Who all gets copy of Contract?

I have been reading through the articles on this site for a few weeks, I have always been interested in real estate but thought I needed lots of money to get started, until I heard about wholesaling, which is how I plan to start out. But have a few questions about contracts.

  1. When I get a house under contract, after it is signed by both parties, what do I do with it then? and does the seller get a copy?

  2. If the seller gets a copy also, if I was to try to get out of a contract (with a weasal or inspection clause) if the seller has a copy and I have a copy how does both contracts become void so to say?

Sorry if this is confusing, I wasn’t sure how to word it. Thanks in advance guys! and gals!

It really doesn’t matter who gets a copy as long as you have one. You can give the seller a copy if you like. Now, make sure you make the contract assignable by including assignment adendum or or other means. It doesn’t matter how many copies of the contract exists as long as you let it expire or you can prove the contract was voided.

You should not need clauses to get out of the deal, just put $10 earnest money and if you cannot sell it, then let them keep the $10. Please do not mess with people in foreclosure if you cannot close yourself! You don’t want to try to wholesale it and fail then walk away let them go into foreclosure.

Now, if you want to wholesale, make sure you are buying right. Find out what the people you want to wholesale to want and the formula they use that way you don’t over pay.


Thanks for your response and your advice, One more thing, you said it doesn’t matter as long as I can prove it was voided, how can I prove that if 2 copies or more exist?

It really depends on who is holding your ernest money. I would not give it to a distressed seller to begin with. If you are buying through a realtor, then an escrow or an atterny is holding the check. If you are buying directly, then you should not put more than $10 or $100 as an escrow. If you are closing through a title company, then the title company will hold the escrow.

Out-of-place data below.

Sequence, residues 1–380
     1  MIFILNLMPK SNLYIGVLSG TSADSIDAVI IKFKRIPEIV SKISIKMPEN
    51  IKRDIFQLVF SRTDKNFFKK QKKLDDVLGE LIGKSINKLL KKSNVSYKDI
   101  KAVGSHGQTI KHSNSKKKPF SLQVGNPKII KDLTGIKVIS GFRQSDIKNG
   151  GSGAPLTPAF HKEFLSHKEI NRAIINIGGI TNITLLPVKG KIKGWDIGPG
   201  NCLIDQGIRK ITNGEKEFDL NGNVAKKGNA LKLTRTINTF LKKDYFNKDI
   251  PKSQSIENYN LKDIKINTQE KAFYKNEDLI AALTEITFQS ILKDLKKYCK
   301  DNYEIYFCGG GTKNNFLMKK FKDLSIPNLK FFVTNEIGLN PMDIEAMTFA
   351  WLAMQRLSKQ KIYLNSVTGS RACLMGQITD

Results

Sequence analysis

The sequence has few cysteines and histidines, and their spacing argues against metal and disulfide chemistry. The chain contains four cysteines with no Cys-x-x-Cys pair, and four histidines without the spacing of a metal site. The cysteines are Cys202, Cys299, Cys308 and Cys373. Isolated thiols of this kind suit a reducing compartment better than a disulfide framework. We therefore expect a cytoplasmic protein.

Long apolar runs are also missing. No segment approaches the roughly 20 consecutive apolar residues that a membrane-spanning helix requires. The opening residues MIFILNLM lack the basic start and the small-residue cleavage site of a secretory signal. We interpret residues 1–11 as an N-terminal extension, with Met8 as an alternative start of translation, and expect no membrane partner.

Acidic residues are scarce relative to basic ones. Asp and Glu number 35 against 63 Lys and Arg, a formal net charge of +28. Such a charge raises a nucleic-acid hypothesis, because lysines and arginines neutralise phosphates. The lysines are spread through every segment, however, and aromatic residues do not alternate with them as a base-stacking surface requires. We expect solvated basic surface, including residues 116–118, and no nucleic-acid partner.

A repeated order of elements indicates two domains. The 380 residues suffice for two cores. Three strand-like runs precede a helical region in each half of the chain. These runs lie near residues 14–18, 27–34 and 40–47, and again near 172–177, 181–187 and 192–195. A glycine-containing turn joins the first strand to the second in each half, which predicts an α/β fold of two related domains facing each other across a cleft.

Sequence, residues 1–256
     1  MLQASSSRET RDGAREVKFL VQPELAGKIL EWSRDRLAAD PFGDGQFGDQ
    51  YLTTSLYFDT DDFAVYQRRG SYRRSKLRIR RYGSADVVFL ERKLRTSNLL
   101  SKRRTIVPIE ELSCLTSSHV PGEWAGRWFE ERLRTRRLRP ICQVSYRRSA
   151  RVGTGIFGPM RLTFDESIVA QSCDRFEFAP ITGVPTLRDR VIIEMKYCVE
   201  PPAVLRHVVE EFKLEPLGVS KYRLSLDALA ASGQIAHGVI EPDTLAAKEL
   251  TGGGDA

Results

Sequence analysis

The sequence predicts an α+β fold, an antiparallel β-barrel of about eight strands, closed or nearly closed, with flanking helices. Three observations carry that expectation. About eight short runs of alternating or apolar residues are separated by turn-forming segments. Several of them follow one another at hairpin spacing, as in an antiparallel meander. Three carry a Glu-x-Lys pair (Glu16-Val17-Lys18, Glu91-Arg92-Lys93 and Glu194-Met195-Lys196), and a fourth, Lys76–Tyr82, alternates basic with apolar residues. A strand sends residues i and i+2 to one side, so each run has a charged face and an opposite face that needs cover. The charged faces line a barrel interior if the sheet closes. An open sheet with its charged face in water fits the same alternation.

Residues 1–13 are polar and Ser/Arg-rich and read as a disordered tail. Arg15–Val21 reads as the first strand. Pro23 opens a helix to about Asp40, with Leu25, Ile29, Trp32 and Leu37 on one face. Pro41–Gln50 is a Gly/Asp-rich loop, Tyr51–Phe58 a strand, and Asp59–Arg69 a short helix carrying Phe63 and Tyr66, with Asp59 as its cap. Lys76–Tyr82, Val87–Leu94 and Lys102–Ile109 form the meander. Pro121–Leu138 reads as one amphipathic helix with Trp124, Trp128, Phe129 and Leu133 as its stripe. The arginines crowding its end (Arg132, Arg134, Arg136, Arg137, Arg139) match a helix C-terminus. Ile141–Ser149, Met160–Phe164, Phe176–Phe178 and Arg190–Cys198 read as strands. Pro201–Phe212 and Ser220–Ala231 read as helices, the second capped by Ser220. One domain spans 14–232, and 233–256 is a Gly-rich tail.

You can notify them in person, fax, via their realtor, or certified mail. That is usually is sufficient. What exactly are you worried about? forcing you to buy?

you need to understand contracts, chat with an attorney. they do not become void, they are only void if it was never an enforceable contract. you can terminate a contract, if you have a contingency clause or option period (like texas allows). make sure you fully understand what your contract states and what your options are.

Yea kinda worried about getting forced to close, like I said I am new to this and just wanna assign my contracts to a few investors I have been talking with, I guess Im just scared to sign a contract and getting tied to it and not being able to close.

Thanks for your response, In order to terminate a contract does me the buyer and the seller have to sign anything? what exactly terminates a contract? is it done verbally? thanks

nothing in real estate should be done verbally/always put things in writing.
to release a contract and invoke your right to terminate during an option period(if you had one) you just notify in writing the seller at the direction of where the contract stated notices to be sent. also let the title co. know. to actually terminate a contract requires signature of both or all parties (buyer(s) and seller(s)). this may not be accepted by one or the other, even if you have a contingency (e.g. financing) there are requirements for you to follow. I am biased, as i was a Realtor for 7 years, now a mortgage loan officer, but I would recommend you work with a good agent on your first couple of transactions, so they can advise you of repercussions with contracts.


Thanks for you input, it was very helpful.

So to get this startight, even if I have a contigency and an option period, the seller does not have to sign the termination? If they refuse to sign, what happens? court?

just a note, i am both wasj and wendy, i forgot my pw and had to reup…
anyway, i am not familiar with any state but texas, so get local advice. in texas if you buy an option period, and you opt out before the expiration of that period, all you need to do is notify, as prescribed in the contract, the seller. for termination you must notify a seller if you are unable to perform due to a contingency not being met, but typically must have seller sign off before recovering your earnest money. remember, that you must follow the contract for your contingency, (e.g. if you have a third party financing contingency and you state you will have financing in 24 days, you must notify by the 24th day that you are unable to get that financing, or you loose your right to the contingency. i am not an attorney, and they certainly have better interpretation of contracts than i, but these are the things i have been taught as a licensed agent (now retired).